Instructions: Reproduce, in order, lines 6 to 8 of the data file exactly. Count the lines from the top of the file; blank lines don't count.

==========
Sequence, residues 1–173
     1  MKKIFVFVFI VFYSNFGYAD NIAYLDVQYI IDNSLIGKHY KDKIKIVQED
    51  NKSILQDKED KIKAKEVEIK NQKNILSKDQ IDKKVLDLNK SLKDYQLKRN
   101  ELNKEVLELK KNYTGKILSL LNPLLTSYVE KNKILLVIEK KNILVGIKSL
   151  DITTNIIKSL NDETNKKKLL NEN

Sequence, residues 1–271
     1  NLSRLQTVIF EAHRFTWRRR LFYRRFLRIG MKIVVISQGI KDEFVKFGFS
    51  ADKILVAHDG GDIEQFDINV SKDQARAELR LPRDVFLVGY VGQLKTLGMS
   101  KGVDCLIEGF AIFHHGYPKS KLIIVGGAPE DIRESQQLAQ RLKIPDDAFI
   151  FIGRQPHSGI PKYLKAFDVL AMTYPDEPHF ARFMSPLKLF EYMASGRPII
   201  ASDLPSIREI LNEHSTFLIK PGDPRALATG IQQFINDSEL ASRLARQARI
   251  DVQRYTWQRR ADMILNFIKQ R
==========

Sequence, residues 1–271
     1  NLSRLQTVIF EAHRFTWRRR LFYRRFLRIG MKIVVISQGI KDEFVKFGFS
    51  ADKILVAHDG GDIEQFDINV SKDQARAELR LPRDVFLVGY VGQLKTLGMS